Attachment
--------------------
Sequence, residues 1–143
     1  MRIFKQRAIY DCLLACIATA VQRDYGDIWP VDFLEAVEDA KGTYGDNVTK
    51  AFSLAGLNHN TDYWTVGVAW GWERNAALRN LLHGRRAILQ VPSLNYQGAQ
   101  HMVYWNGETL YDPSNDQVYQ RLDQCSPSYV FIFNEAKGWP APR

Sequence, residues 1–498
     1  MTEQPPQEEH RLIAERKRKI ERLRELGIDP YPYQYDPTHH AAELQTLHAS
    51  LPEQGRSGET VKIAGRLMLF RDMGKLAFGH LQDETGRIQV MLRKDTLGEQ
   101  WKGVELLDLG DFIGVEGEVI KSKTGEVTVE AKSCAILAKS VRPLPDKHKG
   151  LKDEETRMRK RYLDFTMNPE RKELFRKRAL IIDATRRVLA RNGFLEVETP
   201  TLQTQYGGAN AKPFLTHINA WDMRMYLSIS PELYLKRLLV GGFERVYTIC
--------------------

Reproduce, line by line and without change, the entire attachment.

Sequence, residues 1–143
     1  MRIFKQRAIY DCLLACIATA VQRDYGDIWP VDFLEAVEDA KGTYGDNVTK
    51  AFSLAGLNHN TDYWTVGVAW GWERNAALRN LLHGRRAILQ VPSLNYQGAQ
   101  HMVYWNGETL YDPSNDQVYQ RLDQCSPSYV FIFNEAKGWP APR

Sequence, residues 1–498
     1  MTEQPPQEEH RLIAERKRKI ERLRELGIDP YPYQYDPTHH AAELQTLHAS
    51  LPEQGRSGET VKIAGRLMLF RDMGKLAFGH LQDETGRIQV MLRKDTLGEQ
   101  WKGVELLDLG DFIGVEGEVI KSKTGEVTVE AKSCAILAKS VRPLPDKHKG
   151  LKDEETRMRK RYLDFTMNPE RKELFRKRAL IIDATRRVLA RNGFLEVETP
   201  TLQTQYGGAN AKPFLTHINA WDMRMYLSIS PELYLKRLLV GGFERVYTIC